I then decided to lighten the mood.

“Governor, I have a softball. First of all, (University of South Carolina) Gamecocks or (Clemson) Tigers? Secondly, has (Carolina Panthers quarterback, who had six turnovers in a 2009 playoff loss) Jake Delhomme written you a letter of apology yet for that loss against the Arizona Cardinals?”

Governor Sanford was good-natured in his response.

MS: “You said you were asking a softball question. That’s not a softball.


As for choosing between the Gamecocks and Tigers, I support all of the South Carolina schools. The voters are very passionate about both sides, and that is my stand. As for Jake Delhomme, my sons were heartbroken over that came. Both of my boys felt that this was the year for the Panthers. The team looked like a Super Bowl contenders. They kept telling me they were going to win it all. So as for that Cardinals game, it hurt both of my boys. They were crushed. It was a tough loss.”

The final question of Governor Sanford was what he expected his own legacy to be. As lighthearted as the mood was, the Governor’s answer was very sobering and serious.

MS: “My father was diagnosed with Lou Gehrig’s Disease when I was in high school. He lived another six years. he was only given six months. It was a real homestyle funeral. We built his coffin, and buried him under oak trees. I take things day by day. So as for my legacy, I honestly don’t have a clue.”

I would like to thank Governor Sanford for being very generous with his time and very sincere in spirit. The people of South Carolina are fortunate to have him. The people of California could learn from him.

After the room cleared out, I asked the Governor if he had any plans to surpass Strom Thurmond for the South Carolina longevity record in politics. Governor Sanford was matter of fact about it.

MS: “It ain’t gonna happen.”

Meeting and interviewing Governor Sanford is yet another example that when escaping the coasts of New York and California, there is much common sense to be found. Yes, every state is different, and yes, South Carolina is a much smaller state than California. That does not change the fact that the states face many similar problems. From taxes to immigration to other issues, California is dysfunctional and South Carolina is functional.

Of course we should listen to what Governor Mark Sanford has to say.

The bottom line is not what feels good, but what works.

South Carolina works. This is in no small part due to the fact that it is well governed.


10 Responses to “My Interview With Governor Mark Sanford”

  1. Dav Lev says:

    Just a few salient facts to begin with: So. Carolina’s per capita income
    is less than one-half that of your average Californian.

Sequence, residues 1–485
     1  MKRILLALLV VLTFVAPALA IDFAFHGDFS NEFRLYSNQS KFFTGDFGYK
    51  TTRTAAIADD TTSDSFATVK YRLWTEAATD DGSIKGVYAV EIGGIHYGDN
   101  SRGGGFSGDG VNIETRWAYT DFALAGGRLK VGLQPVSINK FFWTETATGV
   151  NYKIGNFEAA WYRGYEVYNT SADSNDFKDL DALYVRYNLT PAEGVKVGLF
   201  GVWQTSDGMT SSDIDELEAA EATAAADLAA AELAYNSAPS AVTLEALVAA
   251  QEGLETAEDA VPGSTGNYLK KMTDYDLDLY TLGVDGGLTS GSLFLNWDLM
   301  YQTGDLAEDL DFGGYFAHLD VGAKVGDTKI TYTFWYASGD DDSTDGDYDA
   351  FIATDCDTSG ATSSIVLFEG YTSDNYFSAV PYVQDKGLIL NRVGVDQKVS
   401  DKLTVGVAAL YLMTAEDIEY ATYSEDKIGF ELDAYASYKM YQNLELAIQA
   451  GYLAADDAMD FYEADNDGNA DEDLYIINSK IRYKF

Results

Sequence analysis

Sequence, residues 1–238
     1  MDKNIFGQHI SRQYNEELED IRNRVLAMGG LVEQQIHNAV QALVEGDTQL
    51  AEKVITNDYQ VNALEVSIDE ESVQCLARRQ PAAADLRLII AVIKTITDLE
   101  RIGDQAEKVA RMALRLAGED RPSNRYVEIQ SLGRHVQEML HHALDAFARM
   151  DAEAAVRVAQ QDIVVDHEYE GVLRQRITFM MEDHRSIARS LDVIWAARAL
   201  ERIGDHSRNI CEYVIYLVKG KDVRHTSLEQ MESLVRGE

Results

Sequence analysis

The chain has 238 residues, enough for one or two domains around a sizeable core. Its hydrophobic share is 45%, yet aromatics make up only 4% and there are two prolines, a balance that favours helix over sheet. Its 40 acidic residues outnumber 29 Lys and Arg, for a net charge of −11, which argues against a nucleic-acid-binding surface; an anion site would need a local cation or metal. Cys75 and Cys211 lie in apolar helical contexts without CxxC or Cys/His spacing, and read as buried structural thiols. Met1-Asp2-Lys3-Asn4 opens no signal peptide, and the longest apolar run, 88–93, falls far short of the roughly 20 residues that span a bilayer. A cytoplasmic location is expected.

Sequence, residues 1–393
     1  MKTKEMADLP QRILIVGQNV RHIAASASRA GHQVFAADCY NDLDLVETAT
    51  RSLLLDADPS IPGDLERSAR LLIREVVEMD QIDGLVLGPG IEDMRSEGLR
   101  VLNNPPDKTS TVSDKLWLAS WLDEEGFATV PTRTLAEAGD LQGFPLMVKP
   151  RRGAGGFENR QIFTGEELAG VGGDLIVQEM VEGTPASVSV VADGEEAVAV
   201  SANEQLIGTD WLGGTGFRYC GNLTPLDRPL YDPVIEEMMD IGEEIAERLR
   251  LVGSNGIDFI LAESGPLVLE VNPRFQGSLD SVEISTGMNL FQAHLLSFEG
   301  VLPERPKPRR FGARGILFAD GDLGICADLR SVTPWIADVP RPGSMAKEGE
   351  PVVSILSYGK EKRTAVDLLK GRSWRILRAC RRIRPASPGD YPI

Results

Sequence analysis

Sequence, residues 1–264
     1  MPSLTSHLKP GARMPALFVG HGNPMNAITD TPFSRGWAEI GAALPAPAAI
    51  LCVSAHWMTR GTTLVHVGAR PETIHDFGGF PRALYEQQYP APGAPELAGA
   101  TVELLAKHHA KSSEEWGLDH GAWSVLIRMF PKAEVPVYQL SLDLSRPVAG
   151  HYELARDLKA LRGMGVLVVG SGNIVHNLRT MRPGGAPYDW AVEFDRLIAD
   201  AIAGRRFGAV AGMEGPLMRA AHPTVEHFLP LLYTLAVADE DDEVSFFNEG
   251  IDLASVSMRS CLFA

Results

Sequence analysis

South Carolina’s gov is not accepting over 2 billion from the Stimulua package, much to the dismay of some of it’s residents. Our gov (Calif)
    has suggested we be given money others won’t accept. That’s a good
    idea, since I’m a Californian.

    In 1958, So. Carolina had something over 2m people. 50 years later
    it had a tad over 4m, In 1958, California had 17m people. Now it
    boasts over 37m not counting the military and illegals.

    Says something doesn’t it?

    California’s economy is one of the top 10 on the planet.

    California is the 3rd largest country in the USA, after Alaska and
    Texas. Where is So. Carolina, which BTW, has a sub-tropical
    climate. In other words it’s damn hot and humid. Compare to
    our mild desert climate and Med. along the coast.
    Ever been to San Francisco or north, I have. It’s delightful.

    South Carolina boasts of many foreign auto plants..the reason
    why they could care less about unemployment in Detroit, or
    the failing auto companies..which are in a Right to Work State
    or their stockholders, people like you and me, average Joe Sixpack.

    South Carolina has few Hispanics, we have over 30%. South
    Carolina has a substantial black population,,,which after the Civil
    War ended, faced only the beginning of their problems with the “Red Shirts”
    a Klan type organization.

    I have discussed the most Southen States with local blacks. I won’t reveal what they said to me.

    So. Carolina’s economy depends upon tourism and it’s military bases,
    a given source of revenue. Wars benefit that state.

    If the gov of that state doesn’t care for federal help, fine. I am suggesting
    to Obama that it get NONE. Instead, send the funds to California, we need it..thanks partly to our mushrooming population, unlike S.C. I mean
    Los Angeles County alone has almost 10 people…Los Angeles 4m.
    Columbia, S.C. are you jealous?

    Send us your tired and poor, and you stimulus money.

  2. Liberty Card says:

    Eich bein Californian, and I say fooey on the stimulous money. California taxes EVERYTHING and still can’t live within its means.

    Our roads a crappy, the schools turn out dunces, and wwe continue to send nitwits like Pelosi, Boxer, and Feinstein to Congress to represent us. Businesses are bailing out of CA, and so are people.

    Cut taxes, make the state business friendly and CA won’t need porkulous money.

  3. “South Carolina works,” huh?


    Dan Lev got it right on that one. If SC fell off the map tomorrow, the world wouldn’t even blink. If it weren’t for tobacco, federal spending, and foreign auto-makers, Mark Sanford would be the governor of a third world state, for all intents and purposes. He’ll take that bailout money – just not a small bit he can claim comes with “too many strings attached,” like all the other phony GOP governors playing the same game.